Energy experts poured scorn on the prospect of Russia and Saudi Arabia collaborating to stabilize the oil market, after the two countries made a joint statement to that effect on Monday.
The two major oil producers announced at the G-20 summit in China that they would form a group to monitor the market and make recommendations on stabilizing prices, according to media reports. Russian Energy Minister Alexander Novak described the moment as "historic" and touted the possibility of the much-discussed-but-never-delivered crude production freeze.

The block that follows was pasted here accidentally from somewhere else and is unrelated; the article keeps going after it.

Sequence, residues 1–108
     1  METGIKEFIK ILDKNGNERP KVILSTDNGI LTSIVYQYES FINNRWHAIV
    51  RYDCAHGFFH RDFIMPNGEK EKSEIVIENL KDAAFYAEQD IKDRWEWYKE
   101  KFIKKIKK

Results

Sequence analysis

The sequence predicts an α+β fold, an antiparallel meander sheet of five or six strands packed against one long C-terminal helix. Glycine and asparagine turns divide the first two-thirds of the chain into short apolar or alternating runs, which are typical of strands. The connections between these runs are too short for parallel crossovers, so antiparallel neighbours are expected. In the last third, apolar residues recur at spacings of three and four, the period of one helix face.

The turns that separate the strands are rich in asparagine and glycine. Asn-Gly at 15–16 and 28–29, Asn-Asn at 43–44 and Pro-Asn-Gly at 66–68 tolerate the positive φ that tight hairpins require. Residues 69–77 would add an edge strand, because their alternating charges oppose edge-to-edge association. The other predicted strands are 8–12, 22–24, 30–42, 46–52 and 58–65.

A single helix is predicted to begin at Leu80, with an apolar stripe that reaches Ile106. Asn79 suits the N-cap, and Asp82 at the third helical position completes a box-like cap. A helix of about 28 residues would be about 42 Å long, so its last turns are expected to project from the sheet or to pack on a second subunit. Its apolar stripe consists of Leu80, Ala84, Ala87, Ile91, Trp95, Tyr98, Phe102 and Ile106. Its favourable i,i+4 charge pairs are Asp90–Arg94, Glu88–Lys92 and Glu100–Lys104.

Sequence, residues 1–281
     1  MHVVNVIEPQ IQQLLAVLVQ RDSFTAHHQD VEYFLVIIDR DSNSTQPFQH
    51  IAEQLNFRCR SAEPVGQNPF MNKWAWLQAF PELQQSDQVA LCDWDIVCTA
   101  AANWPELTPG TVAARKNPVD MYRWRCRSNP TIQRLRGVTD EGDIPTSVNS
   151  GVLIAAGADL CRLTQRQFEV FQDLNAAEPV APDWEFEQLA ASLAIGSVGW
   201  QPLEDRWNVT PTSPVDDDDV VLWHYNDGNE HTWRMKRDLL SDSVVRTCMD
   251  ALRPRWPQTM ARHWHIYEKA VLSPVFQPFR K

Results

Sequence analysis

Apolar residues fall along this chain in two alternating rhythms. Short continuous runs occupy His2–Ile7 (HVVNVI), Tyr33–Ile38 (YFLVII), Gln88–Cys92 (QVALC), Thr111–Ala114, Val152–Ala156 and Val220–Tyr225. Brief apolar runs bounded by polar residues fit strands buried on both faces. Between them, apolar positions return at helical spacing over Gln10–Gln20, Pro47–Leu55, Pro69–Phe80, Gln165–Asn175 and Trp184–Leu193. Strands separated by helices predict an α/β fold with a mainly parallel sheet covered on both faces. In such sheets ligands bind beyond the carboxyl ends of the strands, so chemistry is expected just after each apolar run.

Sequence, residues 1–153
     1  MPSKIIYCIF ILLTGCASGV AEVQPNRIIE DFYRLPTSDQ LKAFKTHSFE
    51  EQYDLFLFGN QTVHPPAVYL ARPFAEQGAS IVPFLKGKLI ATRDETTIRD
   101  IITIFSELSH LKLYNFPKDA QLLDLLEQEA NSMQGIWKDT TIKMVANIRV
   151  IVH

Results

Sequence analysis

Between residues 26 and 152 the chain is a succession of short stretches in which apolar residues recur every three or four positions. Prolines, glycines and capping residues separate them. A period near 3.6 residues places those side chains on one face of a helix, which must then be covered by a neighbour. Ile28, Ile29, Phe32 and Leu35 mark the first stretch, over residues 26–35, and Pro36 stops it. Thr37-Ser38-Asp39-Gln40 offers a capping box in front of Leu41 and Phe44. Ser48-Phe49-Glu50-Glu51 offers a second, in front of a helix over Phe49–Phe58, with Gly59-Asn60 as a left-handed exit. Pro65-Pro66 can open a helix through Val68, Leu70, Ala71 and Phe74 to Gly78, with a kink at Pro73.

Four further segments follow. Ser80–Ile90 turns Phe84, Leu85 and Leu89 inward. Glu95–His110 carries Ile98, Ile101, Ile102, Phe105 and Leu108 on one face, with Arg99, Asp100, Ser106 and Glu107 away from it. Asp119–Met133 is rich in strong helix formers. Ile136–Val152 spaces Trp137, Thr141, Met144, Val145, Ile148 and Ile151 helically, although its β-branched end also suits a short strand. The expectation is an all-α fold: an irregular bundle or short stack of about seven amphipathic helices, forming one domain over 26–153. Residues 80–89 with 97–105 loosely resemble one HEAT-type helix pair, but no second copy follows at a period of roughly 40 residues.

Commodity strategists told CNBC that the statement might push crude prices higher in the short-term, perhaps toward $50 per barrel, but insisted that little in the way of deeper cooperation was likely.
"The running gag of the 'freeze' means just nothing," Eugen Weinberg, head of commodity research at Commerzbank, told CNBC on Monday.
"As to the cooperation between Russia and Saudi Arabia — no chance! It's clearly just lip service since real cooperation between these competitors is just impossible," he later added.